Remain calm under pressure, for sure — our job ensures the safety of many lives, so even in stressful times you need to be able to keep calm. When an aircraft is flying 35,000 feet above ground and traveling 500 miles an hour, you can’t take your time. We’re actually trained on how to use our time efficiently, because you need to be able to take it seriously — it’s a serious job — and to know how to balance priorities while getting everything done. To be honest, I’m pretty sure I was this way before I became an air traffic controller — my friends and family can tell you that! — but I’ve learned to be even better because of my job.

What equipment do you always have on you?

It’s not one piece — we actually use rooms of equipment, think many computers and many screens. I work on what’s called a Radar Scope, which shows me the positions of the aircraft in my sector, along with their altitude, ground speed, and more. There’s also a secondary screen to the side that gives me more information about aircrafts coming in and out of my sector, like their routes or any possible conflicts, so we can plan accordingly. I’m also always wearing my headset — it’s the standard “push to talk” type, like what they use at 911 call centers and NASA mission control.

How do you prevent misunderstandings with pilots?

There’s a standard phraseology we use to communicate. Some basic examples: When I tell a plane, “Climb and maintain flight level 350,” I’m telling him to climb to 35,000 feet. When I need to slow down an aircraft so everyone stays in line, I say, “Reduce speed maintain two niner zero knots” — that’s 290 knots of speed. Niner is instead of nine for two reasons: nine can sound like five, so we keep five as five and say niner instead of nine. Also, all air traffic control centers and pilots around the world speak English, and “nein” in German means “no,” we want to avoid that confusion. We keep words to a minimum, no prepositions. I’ll tell an aircraft leaving my sector, “Contact Palm Beach Approach one two five point two” — that’s the frequency of the controller whose airspace they’re entering — without using the word “on.” Another example: We never say “to” because it can sound like the number two.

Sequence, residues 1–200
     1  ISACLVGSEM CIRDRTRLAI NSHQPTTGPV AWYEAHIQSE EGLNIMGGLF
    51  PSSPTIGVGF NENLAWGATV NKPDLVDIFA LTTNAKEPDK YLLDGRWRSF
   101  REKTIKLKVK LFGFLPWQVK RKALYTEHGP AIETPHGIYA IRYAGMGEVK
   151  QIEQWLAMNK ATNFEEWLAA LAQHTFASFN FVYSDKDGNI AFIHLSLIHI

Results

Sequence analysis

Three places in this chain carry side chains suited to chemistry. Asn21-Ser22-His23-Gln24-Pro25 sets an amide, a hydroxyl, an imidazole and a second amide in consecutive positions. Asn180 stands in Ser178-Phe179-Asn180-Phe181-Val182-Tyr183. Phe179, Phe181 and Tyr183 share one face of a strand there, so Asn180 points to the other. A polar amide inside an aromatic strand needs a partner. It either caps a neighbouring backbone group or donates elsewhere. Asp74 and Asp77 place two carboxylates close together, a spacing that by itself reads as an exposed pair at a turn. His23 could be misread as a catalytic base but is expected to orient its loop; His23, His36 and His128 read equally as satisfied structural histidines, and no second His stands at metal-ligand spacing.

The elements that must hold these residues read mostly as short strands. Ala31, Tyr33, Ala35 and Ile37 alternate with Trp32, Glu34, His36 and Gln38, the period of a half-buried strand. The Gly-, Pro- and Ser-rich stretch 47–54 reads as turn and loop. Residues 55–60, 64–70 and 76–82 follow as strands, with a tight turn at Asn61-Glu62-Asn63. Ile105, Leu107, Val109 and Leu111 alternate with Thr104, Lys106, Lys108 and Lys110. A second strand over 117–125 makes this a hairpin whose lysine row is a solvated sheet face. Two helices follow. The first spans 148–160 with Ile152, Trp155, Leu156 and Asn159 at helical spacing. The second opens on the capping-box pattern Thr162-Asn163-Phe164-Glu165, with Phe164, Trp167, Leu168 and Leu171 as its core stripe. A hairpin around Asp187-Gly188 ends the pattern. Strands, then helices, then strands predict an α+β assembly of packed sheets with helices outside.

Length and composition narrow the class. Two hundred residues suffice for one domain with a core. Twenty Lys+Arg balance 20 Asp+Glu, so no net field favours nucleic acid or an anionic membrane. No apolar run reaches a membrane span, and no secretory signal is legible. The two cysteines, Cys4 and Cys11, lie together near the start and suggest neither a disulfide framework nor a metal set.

What’s your schedule like?

This is a 24/7 job, there are always air traffic controllers working. We have a rotating shifts type of schedule: I do afternoons and early morning, and I’ll be starting midnight shifts next year; I haven’t done those yet. I sign up for days off on Shabbos and Sunday, and I use vacation days for Yom Tov.

How did you get into this field?

Originally I planned to go to NYU Polytech for Engineering after yeshivah, but in my second year in Israel I realized I really want to go into aviation. Not as a pilot — I wanted to be able to come home every night, and I didn’t want to travel for a living. So I researched air traffic control, applied to colleges overnight, and the next year I went to school in New York, at Vaughn College of Aeronautics and Technology. I ended up getting my degree in aeronautical science, which includes aircraft operations, piloting, and air traffic control.

Do you have to be a licensed pilot to be an air traffic controller?

No. I am, though. I fly recreationally to keep up my flight currencies. I fly small planes, nothing too big, and I don’t own a plane, though I’d like to one day. I don’t have any crazy flying stories — that’s something we try to avoid, we don’t go out in bad weather. As my flight instructor taught me during training, “I’d rather be on the ground wishing I was in the air than in the air wishing I was on the ground.”

(Originally featured in Mishpacha, Issue 839)